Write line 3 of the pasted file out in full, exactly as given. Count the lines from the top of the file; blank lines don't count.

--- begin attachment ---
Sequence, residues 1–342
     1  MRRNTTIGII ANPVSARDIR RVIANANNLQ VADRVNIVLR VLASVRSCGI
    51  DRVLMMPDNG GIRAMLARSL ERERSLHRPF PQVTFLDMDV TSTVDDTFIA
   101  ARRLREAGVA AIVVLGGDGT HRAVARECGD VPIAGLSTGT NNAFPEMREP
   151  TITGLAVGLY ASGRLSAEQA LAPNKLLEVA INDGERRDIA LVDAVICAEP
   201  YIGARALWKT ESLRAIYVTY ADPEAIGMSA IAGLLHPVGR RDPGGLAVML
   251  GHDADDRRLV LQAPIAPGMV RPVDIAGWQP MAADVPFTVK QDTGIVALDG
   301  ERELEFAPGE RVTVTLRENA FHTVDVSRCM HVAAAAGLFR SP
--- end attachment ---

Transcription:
    51  DRVLMMPDNG GIRAMLARSL ERERSLHRPF PQVTFLDMDV TSTVDDTFIA